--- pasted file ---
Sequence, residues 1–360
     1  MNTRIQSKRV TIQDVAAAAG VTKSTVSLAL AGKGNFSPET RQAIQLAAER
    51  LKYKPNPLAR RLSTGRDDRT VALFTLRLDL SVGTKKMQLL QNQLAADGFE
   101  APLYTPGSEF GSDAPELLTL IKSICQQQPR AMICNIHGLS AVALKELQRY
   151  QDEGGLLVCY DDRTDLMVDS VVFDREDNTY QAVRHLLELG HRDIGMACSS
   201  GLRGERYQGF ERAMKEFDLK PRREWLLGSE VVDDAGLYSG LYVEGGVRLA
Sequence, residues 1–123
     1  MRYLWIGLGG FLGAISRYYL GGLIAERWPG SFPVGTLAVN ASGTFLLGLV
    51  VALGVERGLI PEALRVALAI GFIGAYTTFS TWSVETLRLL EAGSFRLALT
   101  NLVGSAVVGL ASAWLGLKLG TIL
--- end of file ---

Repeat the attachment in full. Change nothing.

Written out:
Sequence, residues 1–360
     1  MNTRIQSKRV TIQDVAAAAG VTKSTVSLAL AGKGNFSPET RQAIQLAAER
    51  LKYKPNPLAR RLSTGRDDRT VALFTLRLDL SVGTKKMQLL QNQLAADGFE
   101  APLYTPGSEF GSDAPELLTL IKSICQQQPR AMICNIHGLS AVALKELQRY
   151  QDEGGLLVCY DDRTDLMVDS VVFDREDNTY QAVRHLLELG HRDIGMACSS
   201  GLRGERYQGF ERAMKEFDLK PRREWLLGSE VVDDAGLYSG LYVEGGVRLA
Sequence, residues 1–123
     1  MRYLWIGLGG FLGAISRYYL GGLIAERWPG SFPVGTLAVN ASGTFLLGLV
    51  VALGVERGLI PEALRVALAI GFIGAYTTFS TWSVETLRLL EAGSFRLALT
   101  NLVGSAVVGL ASAWLGLKLG TIL